During the past few years, business has been so good that the sales teams at its three wholesale locations couldn’t keep up with the call volume. When the sales teams were busy on the phones taking orders, the warehouse workers backed them up and took calls. Of course, doing so kept them from performing their primary duty, which was to load tires onto customer trucks.
“We are known for our strong customer service, but we were losing that touch,” recalls Network Administrator Adam Evans.
So in March, Evans created a call center to solve the problem. He replaced some aging PBX devices at headquarters and the wholesale locations with a new Avaya IP Office 500 VoIP system  and about 30 Avaya IP Office 5410 phones . Today, the wholesale business has a universal phone system — customers call one toll-free number that goes to a call center at headquarters, where a six-person staff answers and redirects calls to the appropriate warehouse salesperson.
“It’s improved communications immensely,” Evans says of the solution. “We’re all able to stay on the same page. There’s no more confusion and no missed calls, and customers never feel they aren’t given their due attention.”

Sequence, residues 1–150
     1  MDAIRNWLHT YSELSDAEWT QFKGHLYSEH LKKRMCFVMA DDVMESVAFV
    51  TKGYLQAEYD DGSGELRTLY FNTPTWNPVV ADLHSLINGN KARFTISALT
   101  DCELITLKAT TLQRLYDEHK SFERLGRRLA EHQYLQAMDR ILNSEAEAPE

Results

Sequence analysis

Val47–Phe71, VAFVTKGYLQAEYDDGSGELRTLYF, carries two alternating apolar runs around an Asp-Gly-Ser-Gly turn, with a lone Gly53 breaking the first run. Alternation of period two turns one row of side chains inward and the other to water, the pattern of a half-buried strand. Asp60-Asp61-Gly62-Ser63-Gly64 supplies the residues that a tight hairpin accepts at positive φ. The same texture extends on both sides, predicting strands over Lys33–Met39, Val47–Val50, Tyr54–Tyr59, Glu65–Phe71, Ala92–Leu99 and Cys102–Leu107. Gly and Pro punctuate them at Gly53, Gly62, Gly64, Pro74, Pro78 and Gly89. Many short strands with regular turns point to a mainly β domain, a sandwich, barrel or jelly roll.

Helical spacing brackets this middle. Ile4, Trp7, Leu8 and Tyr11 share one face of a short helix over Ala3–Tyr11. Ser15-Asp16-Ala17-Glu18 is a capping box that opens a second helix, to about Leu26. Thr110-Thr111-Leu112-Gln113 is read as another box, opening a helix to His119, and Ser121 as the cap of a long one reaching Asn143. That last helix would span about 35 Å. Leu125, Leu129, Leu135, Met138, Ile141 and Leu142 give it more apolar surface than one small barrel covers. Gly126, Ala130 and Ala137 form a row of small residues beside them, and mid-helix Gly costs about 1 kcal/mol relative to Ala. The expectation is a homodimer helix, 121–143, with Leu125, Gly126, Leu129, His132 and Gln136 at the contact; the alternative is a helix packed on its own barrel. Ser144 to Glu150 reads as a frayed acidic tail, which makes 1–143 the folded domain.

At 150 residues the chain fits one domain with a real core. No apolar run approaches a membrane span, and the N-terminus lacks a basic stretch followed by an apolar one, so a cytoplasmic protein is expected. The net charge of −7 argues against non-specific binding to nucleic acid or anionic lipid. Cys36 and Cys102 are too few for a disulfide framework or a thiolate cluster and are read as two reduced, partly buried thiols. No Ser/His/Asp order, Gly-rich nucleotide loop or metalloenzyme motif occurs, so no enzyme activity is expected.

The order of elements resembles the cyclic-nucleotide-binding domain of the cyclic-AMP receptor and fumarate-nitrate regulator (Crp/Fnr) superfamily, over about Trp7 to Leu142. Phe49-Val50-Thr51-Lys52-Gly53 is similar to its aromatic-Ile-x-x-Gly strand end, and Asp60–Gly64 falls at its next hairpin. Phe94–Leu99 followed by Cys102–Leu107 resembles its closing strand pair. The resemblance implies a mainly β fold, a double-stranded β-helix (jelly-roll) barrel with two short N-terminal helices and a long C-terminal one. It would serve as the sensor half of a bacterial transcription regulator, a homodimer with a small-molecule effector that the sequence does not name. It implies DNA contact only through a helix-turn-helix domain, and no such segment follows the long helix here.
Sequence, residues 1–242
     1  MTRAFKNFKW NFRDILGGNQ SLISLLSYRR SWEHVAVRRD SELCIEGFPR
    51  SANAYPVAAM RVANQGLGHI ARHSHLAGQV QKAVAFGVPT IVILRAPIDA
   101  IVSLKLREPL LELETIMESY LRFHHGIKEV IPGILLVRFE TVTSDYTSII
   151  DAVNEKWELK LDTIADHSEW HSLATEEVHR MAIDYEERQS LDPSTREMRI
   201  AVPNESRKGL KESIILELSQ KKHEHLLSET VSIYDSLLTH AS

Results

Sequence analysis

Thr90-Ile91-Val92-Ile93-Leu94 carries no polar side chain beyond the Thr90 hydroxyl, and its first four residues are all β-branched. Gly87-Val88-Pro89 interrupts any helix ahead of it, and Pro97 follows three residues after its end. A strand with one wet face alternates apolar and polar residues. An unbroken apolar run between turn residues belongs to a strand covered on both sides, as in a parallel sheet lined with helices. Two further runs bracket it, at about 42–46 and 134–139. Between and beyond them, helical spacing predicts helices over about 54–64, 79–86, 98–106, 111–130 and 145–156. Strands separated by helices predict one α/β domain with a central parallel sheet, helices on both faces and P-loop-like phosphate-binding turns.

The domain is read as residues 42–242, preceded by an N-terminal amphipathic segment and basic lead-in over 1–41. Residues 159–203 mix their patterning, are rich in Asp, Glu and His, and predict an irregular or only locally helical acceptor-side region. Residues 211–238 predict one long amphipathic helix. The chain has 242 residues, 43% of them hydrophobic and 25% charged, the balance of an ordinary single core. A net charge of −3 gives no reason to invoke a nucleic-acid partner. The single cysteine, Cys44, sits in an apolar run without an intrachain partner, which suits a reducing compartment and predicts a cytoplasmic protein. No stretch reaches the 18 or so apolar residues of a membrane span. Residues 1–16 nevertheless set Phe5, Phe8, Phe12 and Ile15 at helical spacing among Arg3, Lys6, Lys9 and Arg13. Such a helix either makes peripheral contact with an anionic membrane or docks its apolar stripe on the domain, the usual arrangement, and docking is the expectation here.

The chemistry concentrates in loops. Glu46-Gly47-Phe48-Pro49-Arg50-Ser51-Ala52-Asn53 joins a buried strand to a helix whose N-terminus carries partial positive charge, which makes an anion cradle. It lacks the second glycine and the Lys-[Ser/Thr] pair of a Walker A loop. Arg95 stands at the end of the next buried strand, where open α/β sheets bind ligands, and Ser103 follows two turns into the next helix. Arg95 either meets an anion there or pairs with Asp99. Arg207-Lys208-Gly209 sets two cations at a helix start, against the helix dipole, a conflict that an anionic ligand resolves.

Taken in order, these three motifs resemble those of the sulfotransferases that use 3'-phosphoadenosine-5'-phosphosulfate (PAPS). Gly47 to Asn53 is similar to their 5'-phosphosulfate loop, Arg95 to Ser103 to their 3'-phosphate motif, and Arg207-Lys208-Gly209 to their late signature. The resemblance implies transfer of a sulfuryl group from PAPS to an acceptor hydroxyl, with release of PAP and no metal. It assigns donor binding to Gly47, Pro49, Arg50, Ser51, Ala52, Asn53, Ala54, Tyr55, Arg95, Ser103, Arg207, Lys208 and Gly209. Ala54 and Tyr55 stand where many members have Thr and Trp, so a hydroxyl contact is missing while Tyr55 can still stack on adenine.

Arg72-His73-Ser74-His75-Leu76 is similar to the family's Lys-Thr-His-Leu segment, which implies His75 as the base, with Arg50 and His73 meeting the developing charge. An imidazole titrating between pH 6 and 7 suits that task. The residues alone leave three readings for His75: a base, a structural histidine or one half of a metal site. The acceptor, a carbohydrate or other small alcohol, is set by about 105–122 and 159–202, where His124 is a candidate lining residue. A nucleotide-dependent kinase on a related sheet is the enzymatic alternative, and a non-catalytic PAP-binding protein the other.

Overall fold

The company is taking full advantage of the unified communications features. Salespeople who go offsite can have their office calls routed to their smartphones by pressing a button on their desktop IP phones. If they receive voicemail on their office phones, their smartphones alert them with an e-mail message.
For the first time, employees can transfer calls with confidence. From their IP phones, the call center staff can tell if salespeople are on the phone or out of the office. If transferred calls aren’t answered after the first few rings, the calls return to the call center, and the staff there can take a message or even take orders themselves.
In the past, if one warehouse employee needed to redirect a customer to another warehouse, the employee could transfer the call but would have to do so blindly because each warehouse had different PBX devices. “There was no guarantee it was received, and you couldn’t retrieve the call back,” Evans says. “Sometimes it would go to voicemail and customers didn’t get the answers they needed.” Because voice calls between headquarters and the wholesale operations are now on the local area network, long-distance charges are eliminated. Evans expects the company will save at least $1,000 a month on long-distance charges — meaning the new VoIP system, which cost between $20,000 to $25,000, will pay for itself in one and a half to two years, he says.